Mapping geographical inequalities in childhood diarrhoeal morbidity and mortality in low-income and middle-income countries, 2000-17: Analysis for the Global Burden of Disease Study 2017

Robert C. Reiner*, Kirsten E. Wiens, Aniruddha Deshpande, Mathew M. Baumann, Paulina A. Lindstedt, Brigette F. Blacker, Christopher E. Troeger, Lucas Earl, Sandra B. Munro, Degu Abate, Hedayat Abbastabar, Foad Abd-Allah, Ahmed Abdelalim, Ibrahim Abdollahpour, Rizwan Suliankatchi Abdulkader, Getaneh Abebe, Kedir Hussein Abegaz, Lucas Guimarães Abreu, Michael R.M. Abrigo, Manfred Mario Kokou AccrombessiDilaram Acharya, Maryam Adabi, Oladimeji M. Adebayo, Rufus Adesoji Adedoyin, Victor Adekanmbi, Olatunji O. Adetokunboh, Davoud Adham, Beyene Meressa Adhena, Mohsen Afarideh, Keivan Ahmadi, Mehdi Ahmadi, Anwar E. Ahmed, Muktar Beshir Ahmed, Rushdia Ahmed, Olufemi Ajumobi, Chalachew Genet Akal, Temesgen Yihunie Akalu, Ali S. Akanda, Genet Melak Alamene, Turki M. Alanzi, James R. Albright, Jacqueline Elizabeth Alcalde Rabanal, Birhan Tamene Alemnew, Zewdie Aderaw Alemu, Beriwan Abdulqadir Ali, Muhammad Ali, Masresha Tessema Anegago, Cuong Tat Nguyen, Trang Huyen Nguyen, Theo Vos

*Corresponding author for this work

Research output: Contribution to journalArticleAcademicpeer-review

5 Citations (Scopus)

Abstract

Background Across low-income and middle-income countries (LMICs), one in ten deaths in children younger than 5 years is attributable to diarrhoea. The substantial between-country variation in both diarrhoea incidence and mortality is attributable to interventions that protect children, prevent infection, and treat disease. Identifying subnational regions with the highest burden and mapping associated risk factors can aid in reducing preventable childhood diarrhoea. Methods We used Bayesian model-based geostatistics and a geolocated dataset comprising 15 072 746 children younger than 5 years from 466 surveys in 94 LMICs, in combination with findings of the Global Burden of Diseases, Injuries, and Risk Factors Study (GBD) 2017, to estimate posterior distributions of diarrhoea prevalence, incidence, and mortality from 2000 to 2017. From these data, we estimated the burden of diarrhoea at varying subnational levels (termed units) by spatially aggregating draws, and we investigated the drivers of subnational patterns by creating aggregated risk factor estimates. Findings The greatest declines in diarrhoeal mortality were seen in south and southeast Asia and South America, where 54·0% (95% uncertainty interval [UI] 38·1-65·8), 17·4% (7·7-28·4), and 59·5% (34·2-86·9) of units, respectively, recorded decreases in deaths from diarrhoea greater than 10%. Although children in much of Africa remain at high risk of death due to diarrhoea, regions with the most deaths were outside Africa, with the highest mortality units located in Pakistan. Indonesia showed the greatest within-country geographical inequality; some regions had mortality rates nearly four times the average country rate. Reductions in mortality were correlated to improvements in water, sanitation, and hygiene (WASH) or reductions in child growth failure (CGF). Similarly, most high-risk areas had poor WASH, high CGF, or low oral rehydration therapy coverage. Interpretation By co-analysing geospatial trends in diarrhoeal burden and its key risk factors, we could assess candidate drivers of subnational death reduction. Further, by doing a counterfactual analysis of the remaining disease burden using key risk factors, we identified potential intervention strategies for vulnerable populations. In view of the demands for limited resources in LMICs, accurately quantifying the burden of diarrhoea and its drivers is important for precision public health.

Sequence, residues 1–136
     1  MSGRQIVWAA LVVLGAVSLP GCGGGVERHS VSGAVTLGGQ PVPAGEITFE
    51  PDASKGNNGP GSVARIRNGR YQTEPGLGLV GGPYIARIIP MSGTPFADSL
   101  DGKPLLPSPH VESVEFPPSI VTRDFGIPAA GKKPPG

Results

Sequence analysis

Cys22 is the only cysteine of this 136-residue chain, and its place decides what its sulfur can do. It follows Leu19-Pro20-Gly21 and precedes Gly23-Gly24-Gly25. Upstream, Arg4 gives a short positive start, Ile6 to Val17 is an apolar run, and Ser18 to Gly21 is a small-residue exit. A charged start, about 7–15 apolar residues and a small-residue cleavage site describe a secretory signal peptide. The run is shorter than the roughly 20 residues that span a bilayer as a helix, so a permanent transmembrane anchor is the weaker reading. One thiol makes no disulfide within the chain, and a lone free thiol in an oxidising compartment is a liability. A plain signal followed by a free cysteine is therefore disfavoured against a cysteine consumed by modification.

Original languageEnglish
Pages (from-to)1779-1801
Number of pages23
JournalThe Lancet
Volume395
Issue number10239
DOIs
Publication statusPublished - 6 Jun 2020

Fingerprint Dive into the research topics of 'Mapping geographical inequalities in childhood diarrhoeal morbidity and mortality in low-income and middle-income countries, 2000-17: Analysis for the Global Burden of Disease Study 2017'. Together they form a unique fingerprint.

  • Department of Error: Mapping geographical inequalities in childhood diarrhoeal morbidity and mortality in low-income and middle-income countries, 2000–17: analysis for the Global Burden of Disease Study 2017

    Reiner, R. C., Wiens, K. E., Deshpande, A., Baumann, M. M., Lindstedt, P. A., Blacker, B. F., Troeger, C. E., Earl, L., Munro, S. B., Abate, D., Abbastabar, H., Abd-Allah, F., Abdelalim, A., Abdollahpour, I., Abdulkader, R. S., Abebe, G., Abegaz, K. H., Abreu, L. G., Abrigo, M. R. M., Accrombessi, M. M. K. & 30 others, Acharya, D., Adabi, M., Adebayo, O. M., Adedoyin, R. A., Adekanmbi, V., Adetokunboh, O. O., Adham, D., Adhena, B. M., Afarideh, M., Ahmadi, K., Ahmadi, M., Ahmed, A. E., Ahmed, M. B., Ahmed, R., Ajumobi, O., Akal, C. G., Akalu, T. Y., Akanda, A. S., Alamene, G. M., Alanzi, T. M., Albright, J. R., Alcalde Rabanal, J. E., Alemnew, B. T., Alemu, Z. A., Ali, B. A., Ali, M., Anegago, M. T., Nguyen, C. T., Nguyen, T. H. & Vos, T., 6 Jun 2020, In : The Lancet. 395, 10239, p. 1762 1 p.

    Research output: Contribution to journalComment/Letter to the editorAcademic

    Open Access

Cite this